Aeronautics giant Northrop Grumman has announced the successful first flight of their stealthy X-47B unmanned combat aerial vehicle (UACV) on Februay 4th at Edwards Airforce Base in California. For the Airforce, and Northrop Grumman, this is a major step forward as they look to deliver an aircraft capable of aircraft carrier-based autonomous take, off landing, and in-flight refueling. After completing it’s 29 minute flight this past week, the aircraft will undergo more testing before beginning carrier trials in 2013.
Though aerial drones are, for the most part, well understood by the general public, the X-47B is unique amongst the drones that have made the headlines thus far. Most apparent is its appearance, which is stealthier and more compact, similar to the flying-wing design of the B2 “Spirit” bomber. Also unusual is the focus on a combat role, and the intended operating environment of aircraft carriers.
Of course, it’s not the only stealthy UAV on the airfield. Already sighted in Afghanistan is the so-called “Beast of Kandahar, ” the Lockheed RQ-170. While the development of UAVs for new roles and environment is to be expected with the apparent (albeit secret) success of the “drone war” in Pakistan. However, these particular aircraft might signal a shift in drone development. The near-ubiquitous Predator and Reaper drones that have been in the headlines were fielded with the knowledge that the enemy they were observing and attacking did not posses the radar technology to effectively counter them.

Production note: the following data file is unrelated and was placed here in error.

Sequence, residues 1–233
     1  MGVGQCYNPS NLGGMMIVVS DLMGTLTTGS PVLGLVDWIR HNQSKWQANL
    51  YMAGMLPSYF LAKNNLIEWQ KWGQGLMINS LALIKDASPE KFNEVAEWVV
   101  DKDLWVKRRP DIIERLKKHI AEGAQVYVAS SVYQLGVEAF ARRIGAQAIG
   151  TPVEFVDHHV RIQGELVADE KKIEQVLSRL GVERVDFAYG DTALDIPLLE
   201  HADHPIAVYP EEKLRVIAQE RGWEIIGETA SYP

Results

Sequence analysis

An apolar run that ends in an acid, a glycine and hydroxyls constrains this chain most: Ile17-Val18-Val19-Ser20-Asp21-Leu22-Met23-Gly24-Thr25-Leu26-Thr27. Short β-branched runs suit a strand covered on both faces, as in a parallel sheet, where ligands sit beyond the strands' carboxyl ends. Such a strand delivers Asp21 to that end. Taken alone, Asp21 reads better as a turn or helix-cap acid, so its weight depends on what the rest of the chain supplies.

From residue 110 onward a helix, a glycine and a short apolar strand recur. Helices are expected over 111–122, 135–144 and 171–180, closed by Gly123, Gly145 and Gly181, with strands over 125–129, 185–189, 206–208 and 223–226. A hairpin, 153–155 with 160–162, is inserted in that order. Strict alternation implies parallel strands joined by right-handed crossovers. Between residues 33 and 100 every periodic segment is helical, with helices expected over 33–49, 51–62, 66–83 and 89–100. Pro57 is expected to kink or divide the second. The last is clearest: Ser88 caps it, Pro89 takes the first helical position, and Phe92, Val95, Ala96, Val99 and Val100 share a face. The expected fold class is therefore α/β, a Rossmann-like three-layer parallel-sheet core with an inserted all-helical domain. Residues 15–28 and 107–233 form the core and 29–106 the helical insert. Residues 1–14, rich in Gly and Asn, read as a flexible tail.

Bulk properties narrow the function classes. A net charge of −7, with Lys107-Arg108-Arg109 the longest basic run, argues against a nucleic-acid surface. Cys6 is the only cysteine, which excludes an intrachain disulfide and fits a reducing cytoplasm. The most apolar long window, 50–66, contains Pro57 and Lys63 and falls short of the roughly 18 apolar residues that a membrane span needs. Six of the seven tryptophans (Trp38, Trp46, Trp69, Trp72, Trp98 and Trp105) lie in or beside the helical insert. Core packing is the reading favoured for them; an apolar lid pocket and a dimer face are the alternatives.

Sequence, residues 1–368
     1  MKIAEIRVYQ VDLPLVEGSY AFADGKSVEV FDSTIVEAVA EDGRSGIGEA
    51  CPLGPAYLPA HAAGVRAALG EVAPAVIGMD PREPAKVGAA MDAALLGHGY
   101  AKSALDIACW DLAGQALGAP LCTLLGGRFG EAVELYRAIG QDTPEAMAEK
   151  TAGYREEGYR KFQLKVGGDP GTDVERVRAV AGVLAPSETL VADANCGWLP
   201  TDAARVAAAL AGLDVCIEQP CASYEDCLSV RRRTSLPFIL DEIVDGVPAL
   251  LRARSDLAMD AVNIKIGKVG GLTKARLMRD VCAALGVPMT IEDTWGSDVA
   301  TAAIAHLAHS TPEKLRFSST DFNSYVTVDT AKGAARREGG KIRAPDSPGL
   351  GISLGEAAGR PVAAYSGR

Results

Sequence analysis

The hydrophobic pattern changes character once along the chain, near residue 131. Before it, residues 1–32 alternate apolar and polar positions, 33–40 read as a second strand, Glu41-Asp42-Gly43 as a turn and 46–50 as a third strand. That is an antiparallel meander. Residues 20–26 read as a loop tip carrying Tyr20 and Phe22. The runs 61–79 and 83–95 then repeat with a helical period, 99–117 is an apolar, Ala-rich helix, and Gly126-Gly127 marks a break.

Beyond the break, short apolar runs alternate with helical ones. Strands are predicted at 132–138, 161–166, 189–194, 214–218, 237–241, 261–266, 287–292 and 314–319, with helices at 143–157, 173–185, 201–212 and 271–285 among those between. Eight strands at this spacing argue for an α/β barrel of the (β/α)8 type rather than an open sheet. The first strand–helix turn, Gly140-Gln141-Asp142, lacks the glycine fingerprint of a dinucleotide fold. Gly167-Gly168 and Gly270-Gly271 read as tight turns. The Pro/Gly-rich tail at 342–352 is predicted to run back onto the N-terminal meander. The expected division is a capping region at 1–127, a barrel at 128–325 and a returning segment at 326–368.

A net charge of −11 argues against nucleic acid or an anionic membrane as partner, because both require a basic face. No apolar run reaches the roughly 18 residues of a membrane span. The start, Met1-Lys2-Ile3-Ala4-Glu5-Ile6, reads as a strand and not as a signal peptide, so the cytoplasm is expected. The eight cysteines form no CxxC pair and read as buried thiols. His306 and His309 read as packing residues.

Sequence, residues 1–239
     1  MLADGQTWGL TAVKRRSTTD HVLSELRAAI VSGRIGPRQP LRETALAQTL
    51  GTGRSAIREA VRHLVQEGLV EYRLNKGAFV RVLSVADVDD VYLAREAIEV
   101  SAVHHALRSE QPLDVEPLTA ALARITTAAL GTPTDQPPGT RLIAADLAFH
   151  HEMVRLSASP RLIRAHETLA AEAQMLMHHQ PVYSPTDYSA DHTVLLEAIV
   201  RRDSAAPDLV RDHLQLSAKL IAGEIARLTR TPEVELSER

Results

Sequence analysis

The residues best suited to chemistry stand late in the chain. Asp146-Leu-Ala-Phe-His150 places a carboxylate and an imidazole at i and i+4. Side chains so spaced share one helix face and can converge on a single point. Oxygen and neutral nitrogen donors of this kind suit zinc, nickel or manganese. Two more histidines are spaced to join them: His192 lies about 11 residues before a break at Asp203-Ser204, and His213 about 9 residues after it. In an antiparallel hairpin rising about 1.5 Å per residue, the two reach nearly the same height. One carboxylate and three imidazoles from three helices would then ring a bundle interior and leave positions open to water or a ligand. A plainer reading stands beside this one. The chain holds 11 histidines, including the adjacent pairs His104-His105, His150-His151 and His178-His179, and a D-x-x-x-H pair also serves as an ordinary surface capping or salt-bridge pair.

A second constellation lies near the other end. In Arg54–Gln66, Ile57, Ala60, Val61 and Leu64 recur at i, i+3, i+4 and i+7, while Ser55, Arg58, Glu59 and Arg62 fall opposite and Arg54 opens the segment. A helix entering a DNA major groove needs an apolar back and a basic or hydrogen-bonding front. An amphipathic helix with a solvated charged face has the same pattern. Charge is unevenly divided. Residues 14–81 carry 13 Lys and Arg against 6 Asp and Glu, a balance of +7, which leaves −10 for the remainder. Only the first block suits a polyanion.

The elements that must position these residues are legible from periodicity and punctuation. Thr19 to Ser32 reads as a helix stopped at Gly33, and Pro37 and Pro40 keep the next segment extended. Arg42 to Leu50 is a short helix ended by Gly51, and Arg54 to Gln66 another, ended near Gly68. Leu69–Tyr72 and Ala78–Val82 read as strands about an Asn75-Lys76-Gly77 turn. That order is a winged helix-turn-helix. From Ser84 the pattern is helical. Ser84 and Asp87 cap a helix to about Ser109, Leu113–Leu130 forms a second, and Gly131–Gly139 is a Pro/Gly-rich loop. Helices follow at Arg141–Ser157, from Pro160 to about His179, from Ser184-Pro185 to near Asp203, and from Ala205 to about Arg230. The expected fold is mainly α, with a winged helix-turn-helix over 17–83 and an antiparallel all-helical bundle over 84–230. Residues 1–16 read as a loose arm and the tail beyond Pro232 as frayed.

Though I am not an aeronautics expert, nor a strategist, the development of the X-47B and the RQ-170 would seem to indicate either a concern or an interest in engaging with a more technological enemy. One that could, conceivably, detect and shoot down a craft like the Predator. While it is interesting that the X-47B will be designed for combat, it’s role as a “low observable” vehicle may prove to be the most significant.
The Depart of Defense is a strange beast, and it’s dangerous to read too much into their purchases or development plans. The DoD tends to plan for a projected “next war,” and make its plans accordingly. But as the history of counter-insurgency in Iraq and Afghanistan have shown, the military is not always very good at predicting outcomes — though it can be quite adaptable after the fact. These new drones may be a product more of hypothetical concerns than anything else. Regardless, drones are becoming more and more common place (Wired says “1 in 50 troops in Afghanistan is a robot.”), meaning that it is a near certainty that the X-47B won’t be the new kid on the block for long.